Publié le 24/06/2007, par Romain Linsolas dans Agile | Ajouter un commentaire
Article paru dans la newsletter #15 – Septembre 2006
Dirk Läessig is from Valtech Germany, though some will remember him from his days in London. In March 2006, he wrote an article for the Agile Centre of Competence in the Valtech DE public Newsletter. Here is an excerpt from that article, whose original content can be obtained from Dirk (Dirk.Laessig@valtech.de) – Eric.
More Best Practices
You have seen that Scrum is a lightweight process. It helps to manage a team that has to work creatively. It may not only be used for software project. Other projects may benefit from this type of management as well.
For software projects more must be added to make it a successful process. You can utilize practices from other agile and iterative processes. Therefore applying Scrum in a software project means more than just using the Scrum process.
Blending Scrum with UP
If the project is bigger and the environment is more difficult, more artefacts and workflows can be taken from the Unified Process (UP). The Unified Process is a process framework that supports projects ranging from small to large scale applications. Melting Scrum with UP creates a process that Valtech calls the Agile-UP. Melting Scrum with UP and adding XP requirements capture and test-first practices results in a model we call Extreme UP.
Although many artefacts are optional, a project team should create some helpful (UP) artefacts (besides the running software) depending on the project’s needs and environment. One highly recommended example is the Vision Document. It captures the vision of all stakeholders of the project. The Vision Document is created in the first phase of the project. It will be helpful if later the stakeholders cannot agree on some issues. Then the stakeholders can step back and have a look to the vision that they have agreed on earlier.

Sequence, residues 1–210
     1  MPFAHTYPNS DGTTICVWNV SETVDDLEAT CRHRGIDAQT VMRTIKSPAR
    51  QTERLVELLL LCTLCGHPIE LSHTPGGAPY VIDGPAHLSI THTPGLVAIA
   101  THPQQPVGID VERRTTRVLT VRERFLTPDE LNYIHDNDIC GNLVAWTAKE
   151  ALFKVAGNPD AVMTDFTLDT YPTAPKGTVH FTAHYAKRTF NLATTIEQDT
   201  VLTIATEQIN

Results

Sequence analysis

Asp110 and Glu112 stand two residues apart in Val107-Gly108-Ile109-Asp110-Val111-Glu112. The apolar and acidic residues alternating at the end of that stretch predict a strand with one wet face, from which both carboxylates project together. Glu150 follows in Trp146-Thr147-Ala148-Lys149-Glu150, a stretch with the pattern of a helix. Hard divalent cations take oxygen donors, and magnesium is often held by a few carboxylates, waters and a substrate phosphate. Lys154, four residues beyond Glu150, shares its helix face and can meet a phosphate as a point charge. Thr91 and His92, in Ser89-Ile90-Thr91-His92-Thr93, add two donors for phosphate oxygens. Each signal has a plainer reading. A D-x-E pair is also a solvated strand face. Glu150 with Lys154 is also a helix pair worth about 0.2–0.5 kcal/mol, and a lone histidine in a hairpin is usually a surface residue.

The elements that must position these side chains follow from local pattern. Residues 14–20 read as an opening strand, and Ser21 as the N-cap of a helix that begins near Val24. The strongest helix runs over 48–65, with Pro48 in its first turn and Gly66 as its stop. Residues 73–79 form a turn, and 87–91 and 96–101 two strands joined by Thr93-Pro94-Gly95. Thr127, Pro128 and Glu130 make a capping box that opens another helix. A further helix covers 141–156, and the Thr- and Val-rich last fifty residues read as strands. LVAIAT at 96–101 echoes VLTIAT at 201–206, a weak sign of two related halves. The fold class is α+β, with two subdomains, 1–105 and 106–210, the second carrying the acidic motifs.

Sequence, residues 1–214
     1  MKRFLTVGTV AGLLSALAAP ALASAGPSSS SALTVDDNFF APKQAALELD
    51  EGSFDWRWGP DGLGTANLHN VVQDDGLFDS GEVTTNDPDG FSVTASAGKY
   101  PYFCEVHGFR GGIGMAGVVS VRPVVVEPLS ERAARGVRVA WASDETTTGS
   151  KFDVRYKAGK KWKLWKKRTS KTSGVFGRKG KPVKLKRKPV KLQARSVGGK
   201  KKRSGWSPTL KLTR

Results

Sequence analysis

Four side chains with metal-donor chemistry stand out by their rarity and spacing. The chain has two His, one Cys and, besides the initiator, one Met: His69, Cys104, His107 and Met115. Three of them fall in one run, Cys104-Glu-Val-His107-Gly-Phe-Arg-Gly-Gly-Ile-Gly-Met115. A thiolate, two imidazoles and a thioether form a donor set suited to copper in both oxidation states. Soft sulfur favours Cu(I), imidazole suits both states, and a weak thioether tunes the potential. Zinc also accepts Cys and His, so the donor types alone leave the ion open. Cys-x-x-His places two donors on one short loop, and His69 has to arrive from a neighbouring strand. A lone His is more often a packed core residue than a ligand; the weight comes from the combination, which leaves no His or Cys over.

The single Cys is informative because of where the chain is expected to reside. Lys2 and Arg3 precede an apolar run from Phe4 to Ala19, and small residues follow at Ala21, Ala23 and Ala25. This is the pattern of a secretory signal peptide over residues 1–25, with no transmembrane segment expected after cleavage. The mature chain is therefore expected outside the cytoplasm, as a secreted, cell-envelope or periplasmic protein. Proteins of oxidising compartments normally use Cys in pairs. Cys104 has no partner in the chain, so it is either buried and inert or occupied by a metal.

If the customer is working in a separate unit, they may not be able to be co-located and available to the team. Actually we found that this is a very infrequent exception.
If it’s not possible to have a customer onsite or if project complexity mandates requirements should be captured in detail using Domain and Use Case Models. We used business analysts as proxies to the business departments. For the developers they were acting as the customer onsite, because they were working on the same floor as part of the team.
More Agile Practices
Other agile processes like XP provide more practices. We briefly mention Test Driven Development and Continuous Integration.
Writing unit tests from the very beginning helps to enforce high quality and agility of your software. This is called Test Driven Development. Before you implement the software automated tests are written. Then the software is coded to pass the tests. The next tests are written and the software is enhanced again to pass the tests. These steps are done many times to finally get the operational and feature-complete software. Besides having the software permanently tested during development, the outcome also includes an automated suite of tests. Running the test suite to make sure the software is still working can now test any minor changes – regression testing at unit level.
Continuous Integration is based on automated testing in combination with an automated build procedure. A daily, hourly or even continuous build creates functional software, which is tested automatically by executing the test suite. If developers have finished implementing a feature they are encouraged to commit their changes into the source code management system as soon as possible. Integrating the changes of the software often keeps the time for the integration process short, because the bugs for little integration steps can be easier eliminated. The time for integration increases exponentially, if more changes and bigger changes have to be incorporated. Continuous Integration therefore reduces risks and minimizes the effort of integration at the end of the project (or iteration).